A Study in Scarlet -- an examination of five vintage hunt coats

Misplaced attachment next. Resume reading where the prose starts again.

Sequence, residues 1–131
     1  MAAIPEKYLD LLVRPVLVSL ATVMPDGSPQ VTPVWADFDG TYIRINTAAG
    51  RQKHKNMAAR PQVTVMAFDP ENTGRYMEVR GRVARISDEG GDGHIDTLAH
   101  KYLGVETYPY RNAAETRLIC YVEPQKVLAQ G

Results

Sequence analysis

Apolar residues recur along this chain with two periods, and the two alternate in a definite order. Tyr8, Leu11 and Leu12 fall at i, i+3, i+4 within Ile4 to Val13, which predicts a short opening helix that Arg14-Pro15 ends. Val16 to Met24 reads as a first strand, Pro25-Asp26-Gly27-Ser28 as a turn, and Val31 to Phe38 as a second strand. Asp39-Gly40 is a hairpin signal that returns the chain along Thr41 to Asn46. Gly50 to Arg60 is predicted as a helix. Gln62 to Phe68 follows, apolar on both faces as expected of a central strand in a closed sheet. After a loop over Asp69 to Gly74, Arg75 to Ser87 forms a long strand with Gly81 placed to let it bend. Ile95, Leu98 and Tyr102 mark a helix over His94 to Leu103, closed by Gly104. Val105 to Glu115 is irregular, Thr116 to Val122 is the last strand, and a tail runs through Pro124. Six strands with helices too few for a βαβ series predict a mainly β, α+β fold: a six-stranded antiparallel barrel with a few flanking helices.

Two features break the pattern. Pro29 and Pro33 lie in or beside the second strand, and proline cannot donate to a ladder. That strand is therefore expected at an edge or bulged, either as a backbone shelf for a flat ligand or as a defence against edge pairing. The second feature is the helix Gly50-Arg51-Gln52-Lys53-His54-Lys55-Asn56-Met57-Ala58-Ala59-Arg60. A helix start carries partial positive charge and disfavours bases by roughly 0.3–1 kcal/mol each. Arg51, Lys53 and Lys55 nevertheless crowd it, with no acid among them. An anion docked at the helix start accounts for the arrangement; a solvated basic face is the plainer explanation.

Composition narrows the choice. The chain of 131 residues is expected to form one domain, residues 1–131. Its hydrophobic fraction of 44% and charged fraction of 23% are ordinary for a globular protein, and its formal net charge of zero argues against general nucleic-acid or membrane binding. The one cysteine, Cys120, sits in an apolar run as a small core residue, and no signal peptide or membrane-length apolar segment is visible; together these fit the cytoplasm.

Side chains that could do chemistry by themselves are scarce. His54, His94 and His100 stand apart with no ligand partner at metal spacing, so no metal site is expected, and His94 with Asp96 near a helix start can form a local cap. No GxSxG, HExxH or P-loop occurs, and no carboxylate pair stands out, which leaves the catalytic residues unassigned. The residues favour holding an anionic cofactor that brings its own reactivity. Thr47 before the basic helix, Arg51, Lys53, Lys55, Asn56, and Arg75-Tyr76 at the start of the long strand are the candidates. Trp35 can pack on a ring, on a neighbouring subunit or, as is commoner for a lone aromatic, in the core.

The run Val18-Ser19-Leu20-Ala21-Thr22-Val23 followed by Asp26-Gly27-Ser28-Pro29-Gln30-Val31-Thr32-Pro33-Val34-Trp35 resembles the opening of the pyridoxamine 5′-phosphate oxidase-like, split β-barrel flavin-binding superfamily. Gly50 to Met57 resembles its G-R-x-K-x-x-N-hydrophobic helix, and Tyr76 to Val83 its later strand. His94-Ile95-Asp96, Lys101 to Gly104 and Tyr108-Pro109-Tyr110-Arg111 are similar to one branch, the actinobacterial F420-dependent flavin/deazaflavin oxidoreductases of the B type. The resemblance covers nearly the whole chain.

Nearby where we live, there is a lovely little tack shop called Horse and Rider. They have all the usual things -- from paddock boots to show clothes to horse brushes and fly spray to the newest books on training your horse. But they also have a consignment area. And being a clothing historian in Upper Bucks County, Pennsylvania, this is the part I find most intriguing.Every time I stop by Horse and Rider (which is more often that you would imagine since I haven’t been riding regularly for about two years), I take a look at what they have on consignment. A few years ago, I got a lovely dressage hat that I wear as a Steampunk topper. And Bob’s much-loved hard derby with leash came from Horse and Rider’s consignment section. They even have a riding crop that has my birthdate engraved into the silver (if I had been born in 1933!). I love to look through the consignment stuff. It’s like visiting an equestrian museum. Bob’s favourite stuff, of course, are the hunt jackets. He tries at least one of them on every time we go and I have to remind him that he doesn’t know how to canter yet. *wink* There are two areas of clothing history that I have always adored -- equestrian clothing and bespoke tailoring. With hunt coats, you get a little of both. Hunting coats aren’t jut red blazers; they are based on historical riding costume an each variation has its own meaning and use. Also, you can’t buy hunt coats off the rack. So they are all custom made. And the details and craftsmanship of bespoke tailoring really shows. Well anyway, we just happened to swing by Horse and Rider a couple days before my birthday and I decided to ask the owner if she would have any problems with me photographing some of the hunt coats. She said no, so I pulled out my handy point-and-shoot and went to town. The first coat is a HUGE morning coat made by Mlasovsky and Wagner in Philadelphia. See? Unfortunately the name of the owner and the date have washed away. It is a red wool morning coat lined in red and white Tattersall and possessing buttons from the Radnor Hunt. Morning coats are considered less formal than frock coats and may be worn by newer members of the hunt and field members. The colour scarlet indicates that the wearer is a full member in good standing with the hunt club. The collar is grey, Radnor’s colour. Sometimes the collar is faced with velvet, but this one is wool flannel. The whole coat is made from a heavy wool melton and the Tattersall check with which it is lined is wool as well. Unsurprisingly, hunt coats are made to be worn outdoors in chilly weather since hunt season is in the autumn. In construction morning coats are similar to the frock coats from which the derived. Morning coats are basically frock coats the front tails of which have been slanted back and rounded to stay out of the rider’s way. The first morning coats appeared in the 1850s when country gentlemen wanted something informal to wear on a casual morning ride. By the 1880s, the morning coat supplanted the frock coat as formal daywear for men as it continues to be today. The next hunt coat I photographed and examined was a small hunting frock coat made by Svante E. Nyborg in Drexel Hill for a Harry Hankins in 1963. The buttons are fairly worn, but we think we can make out AVH -- Amwell Valley Hounds, a hunt club across the river in New Jersey. The collar of the coat is faced with moss green velvet which is Amwell Valley’s colour. This is the typical hunt frock coat as worn by the Huntmaster and Huntsmen on a formal hunt. It has the square skirts and waist seam of all frock coats since the early 1800s. The coat is made from very heavy wool and lined with Tattersall. It is well-worn as evidenced by the buttons and wear on the buttonholes but in excellent condition otherwise. The next specimen is very different from the previous examples. While a hunt coat, this one was never worn on the hunt field at all. This is a hunt dress coat. It is meant to be worn by members in good standing of the hunt to hunt balls and other formal occasions. It is simply formalwear in the hunt colours. The buttons on this one say “Rose Tree Hunt” and the collar is faced with olive green velvet. Unlike the field coats, this coat is lined with silk and has yellow satin revers facings. It was made on February 8th, 1929 for Mr. T. Wallis Armstrong by Witlin-Gallagher and A.B. Mathews Co on Walnut Street in Philadelphia. My first thought looking at it was that the tailor had tried to make it look Victorian by piping the revers with braid and creating false cuffs with two-needle stitching. And then we found the tag: This undistinguished little princess-seamed blazer is what passed for formal hunt attire for women. It is custom-made like all the men’s coat, but feels like a polyester blend and is lined with poly taffeta. There is nothing structured about this coat an it certainly wouldn’t keep you warm on a chilling hunt morning. The buttons are generic fox-head buttons without a hunt name, and there are no hunt colours on the collar. Since scarlet isn’t allowed to non-members, the owner of this jacket had to belong to the hunt, but her jacket doesn’t show it. Next time -- Ladies' Riding Habits that Don't Suck -------------------- © 2011 Kass McGann. All Rights Reserved. The Author of this work retains full copyright for this material. Permission is granted to make and distribute verbatim copies of this document for non-commercial private research or educational purposes provided the copyright notice and this permission notice are preserved on all copies.